It’s been one of the warmest summers on record and there are still plenty of flowers blooming even though the calendar tells us it is Fall. I’m really going to miss all of this color when the landscape turns gray and somewhat gloomy. But first, I must take time to enjoy summer’s last hurrah and the explosion of Fall color that is right around the corner!
It was a beautiful evening in the garden! The sun was shining, but slowly dipping behind the hill. The flowers were glowing in the warm light. I changed lenses many times in this place where the flowers were plentiful, but not totally accessible for macro photography. This image was shot with the Lensbaby Velvet 56 at f/1.8. I would have loved the background to be even more out of focus than it is, but still I’m happy with the softness of this image and the burst of color throughout.
Numbers of Monarch butterflies have dropped by over 90 percent in the last few decades, but there are things we can all do to help them survive! Plant native Milkweed in your garden. Milkweed is the only plant that the Monarch larvae eat and it’s the only plant where Monarchs will lay their eggs. Without Milkweed, Monarchs will not survive! Think about creating a butterfly habitat in your garden by providing food (Milkweed), water, an area for protection, and never use pesticides!
I enjoy adding new plants to my garden. About 10 years ago, I planted a Trumpet Vine and encouraged it to trail over a fence in my back yard. The tube-like flowers attract hummingbirds. The plant has always been full and green, but never developed any flowers. About 2 weeks ago as I was puttering in the garden, I noticed a cluster of 4 flower buds! These were the very first flowers after 10 years of waiting and hoping! I was so excited! The other night I went back out to the garden with plans to photograph the flowers. To my dismay, 3 of them were gone and only one remained! The deer must have been as excited to see the new flowers as I was! Thankfully the one remaining flower was open and I had a chance to take a few photos. If anyone has this plant in their garden, I would love some advice on how to encourage more flowers. I read that the plant must mature before it blooms, so maybe this year was the start of great things to come!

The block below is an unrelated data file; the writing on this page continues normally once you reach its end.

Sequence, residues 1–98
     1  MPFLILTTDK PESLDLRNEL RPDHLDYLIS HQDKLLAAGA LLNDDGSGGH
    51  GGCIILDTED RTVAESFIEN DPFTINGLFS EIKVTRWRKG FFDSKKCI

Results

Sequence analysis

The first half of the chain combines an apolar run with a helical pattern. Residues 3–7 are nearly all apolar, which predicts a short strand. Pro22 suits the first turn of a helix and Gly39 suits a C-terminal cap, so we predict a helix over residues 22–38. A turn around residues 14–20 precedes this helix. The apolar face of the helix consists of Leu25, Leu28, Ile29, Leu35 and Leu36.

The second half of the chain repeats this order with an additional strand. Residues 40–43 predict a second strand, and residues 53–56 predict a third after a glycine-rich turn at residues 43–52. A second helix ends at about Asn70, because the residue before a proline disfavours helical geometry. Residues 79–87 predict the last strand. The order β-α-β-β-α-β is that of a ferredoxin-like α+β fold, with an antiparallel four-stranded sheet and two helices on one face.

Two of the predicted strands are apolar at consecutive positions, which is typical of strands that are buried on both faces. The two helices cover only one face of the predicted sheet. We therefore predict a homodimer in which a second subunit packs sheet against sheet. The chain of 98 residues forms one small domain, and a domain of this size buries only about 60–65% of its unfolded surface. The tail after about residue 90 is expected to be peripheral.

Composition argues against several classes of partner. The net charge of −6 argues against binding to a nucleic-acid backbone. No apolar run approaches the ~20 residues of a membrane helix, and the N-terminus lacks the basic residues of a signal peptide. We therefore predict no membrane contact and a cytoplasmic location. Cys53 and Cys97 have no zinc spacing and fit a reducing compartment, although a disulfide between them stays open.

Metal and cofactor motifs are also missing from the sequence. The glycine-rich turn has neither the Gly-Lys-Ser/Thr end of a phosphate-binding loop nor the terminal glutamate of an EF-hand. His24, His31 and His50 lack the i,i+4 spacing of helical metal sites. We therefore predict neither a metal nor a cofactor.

The colors of the landscape change dramatically as the sun rises on the horizon. This image was taken much earlier than the one from yesterday’s post that had an orange tone from the already risen sun. In today’s photo, the sun had not yet become visible and the water was reflecting the blue, pink, orange and purple hues of the sky. Gosh, I should get out with my camera this early more often! It was so pretty and peaceful. I love being the only person on the beach at this time of day!